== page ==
Things Fall Apart: Man worth mourning, unlike some people


As someone who read all of Chinua Achebe’s books, I am greatly moved by his passing. But my writing is just to show how people can treat you when you die based on how you lived.

I have been following the writing and messages of condolences of Achebe from the time he was pronounced dead. Everyone agrees he was a great man. He was not just Nigerian but African.

There are few who can be compared to him. I have read news of presidents dying but such news is often greeted by celebration especially by bloggers on Internet news websites. But I have not seen a single bad message about Achebe. I read the hundreds of messages even here on Watchdog. They are all good messages; messages of empathy. All bloggers agree he was a great person.

This makes me believe that people will treat you the way you live your life. If you are a bad man, People will wish you death. But if you are good man like Achebe and contributed positively to mankind not your belly or family at the expense of the nation, humanity will mourn you with dignity.

But if you are rascal by chance given power, people will curse you to death and wish you death everyday. Your death will be relief to mankind. It is a shameful way to die when people celebrate your death.

What am saying is that, people would wish you death depending on how you behave and live your life and treat fellow man. So if there is someone a lot of people wish could die, just know that the problem is with that the person. He is a bad person. His existence makes other people’s life hell.

Achebe was not just a naturally good writer. He was a liberator and never used his fame to fill his pockets. Corrupt Africa presidents were lining up to honour him while he lived.  But like Nelson Mandela who rejected honours from unclean people, Achebe said  no.

Achebe used his power of words for goodness.

In 1983, he published the immensely popular pamphlet, “The Trouble With Nigeria” which lashed out at Nigeria’s pervasive corruption and labelled the West African nation as “dirty, callous, noisy, ostentatious, dishonest and vulgar. In short it is among the most unpleasant places on earth.” He went further: “The Nigerian problem is the unwillingness or inability of its leaders to rise to the responsibility,”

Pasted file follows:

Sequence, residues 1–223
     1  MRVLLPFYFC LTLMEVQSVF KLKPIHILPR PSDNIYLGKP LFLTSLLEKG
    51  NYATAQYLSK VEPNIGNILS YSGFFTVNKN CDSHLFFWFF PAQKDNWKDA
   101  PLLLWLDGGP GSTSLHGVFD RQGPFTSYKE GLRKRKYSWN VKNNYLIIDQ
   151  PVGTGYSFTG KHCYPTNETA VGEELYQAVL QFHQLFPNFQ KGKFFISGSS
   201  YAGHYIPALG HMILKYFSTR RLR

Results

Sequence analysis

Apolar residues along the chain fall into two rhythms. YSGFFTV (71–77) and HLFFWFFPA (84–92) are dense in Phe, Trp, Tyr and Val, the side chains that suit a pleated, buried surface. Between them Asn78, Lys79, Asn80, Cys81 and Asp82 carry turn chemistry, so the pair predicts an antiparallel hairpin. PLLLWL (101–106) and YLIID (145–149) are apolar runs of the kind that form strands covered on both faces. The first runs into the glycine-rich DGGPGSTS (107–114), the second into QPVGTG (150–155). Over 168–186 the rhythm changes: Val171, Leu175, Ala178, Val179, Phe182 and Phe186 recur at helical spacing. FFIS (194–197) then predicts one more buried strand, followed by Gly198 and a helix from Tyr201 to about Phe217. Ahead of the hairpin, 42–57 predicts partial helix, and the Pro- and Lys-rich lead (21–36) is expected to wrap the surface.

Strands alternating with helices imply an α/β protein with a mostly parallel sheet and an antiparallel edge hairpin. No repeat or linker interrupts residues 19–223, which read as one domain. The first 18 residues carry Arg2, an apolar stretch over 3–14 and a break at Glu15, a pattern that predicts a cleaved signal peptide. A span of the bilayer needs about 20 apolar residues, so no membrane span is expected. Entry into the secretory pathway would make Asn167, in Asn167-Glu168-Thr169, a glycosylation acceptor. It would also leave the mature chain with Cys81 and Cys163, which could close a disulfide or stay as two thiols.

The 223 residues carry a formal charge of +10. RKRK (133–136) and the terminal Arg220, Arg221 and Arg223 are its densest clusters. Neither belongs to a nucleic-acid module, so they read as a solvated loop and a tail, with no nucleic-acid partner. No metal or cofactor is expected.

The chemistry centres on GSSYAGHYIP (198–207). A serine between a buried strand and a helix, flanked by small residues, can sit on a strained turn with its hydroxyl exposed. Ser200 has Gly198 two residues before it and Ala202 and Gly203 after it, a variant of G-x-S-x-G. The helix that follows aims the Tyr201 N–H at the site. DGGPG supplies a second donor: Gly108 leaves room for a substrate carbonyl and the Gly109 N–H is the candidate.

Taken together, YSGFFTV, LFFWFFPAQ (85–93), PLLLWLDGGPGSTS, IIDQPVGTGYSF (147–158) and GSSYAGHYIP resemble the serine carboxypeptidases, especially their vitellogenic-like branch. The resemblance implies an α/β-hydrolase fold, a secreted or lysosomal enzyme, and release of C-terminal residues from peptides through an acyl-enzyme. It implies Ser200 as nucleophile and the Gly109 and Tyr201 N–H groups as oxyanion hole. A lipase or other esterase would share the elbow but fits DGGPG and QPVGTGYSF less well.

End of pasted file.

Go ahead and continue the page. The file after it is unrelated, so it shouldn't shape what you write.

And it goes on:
In 2004, former Nigerian President Olusegun Obasanjo offered him the prestigious honour of ‘Commander of the Federal Republic.’ Achebe turned down the honor. Explaining his reason for rejecting the award, Achebe said in a letter to Obasanjo, “Nigeria’s condition today under your watch is, however, too dangerous for silence. I must register my disappointment and protest by declining to accept the high honour awarded me in the 2004 Honours List.”

In 2011, current Nigerian President Goodluck Jonathan also offered him a similar National honor. Achebe turned it down again, explaining that “the reasons for rejecting the offer when it was first made have not been addressed let alone solved.”

Now, here in Zambia, have you seen how some people who claim to be humanists clamour to be honoured by incompetent, sick dictators?

Real honours after all do not come from King’s palaces but is expressed by the smiling approval of the common man.

Let me end by the quote below:

“A man who calls his kinsmen to a feast does not do so to save them from starving. They all have food in their own homes. When we gather together in the moonlit village ground it is not because of the moon. Every man can see it in his own compound. We come together because it is good for kinsmen to do so.”
― Chinua AchebeThings Fall Apart

Lumbiwe D.


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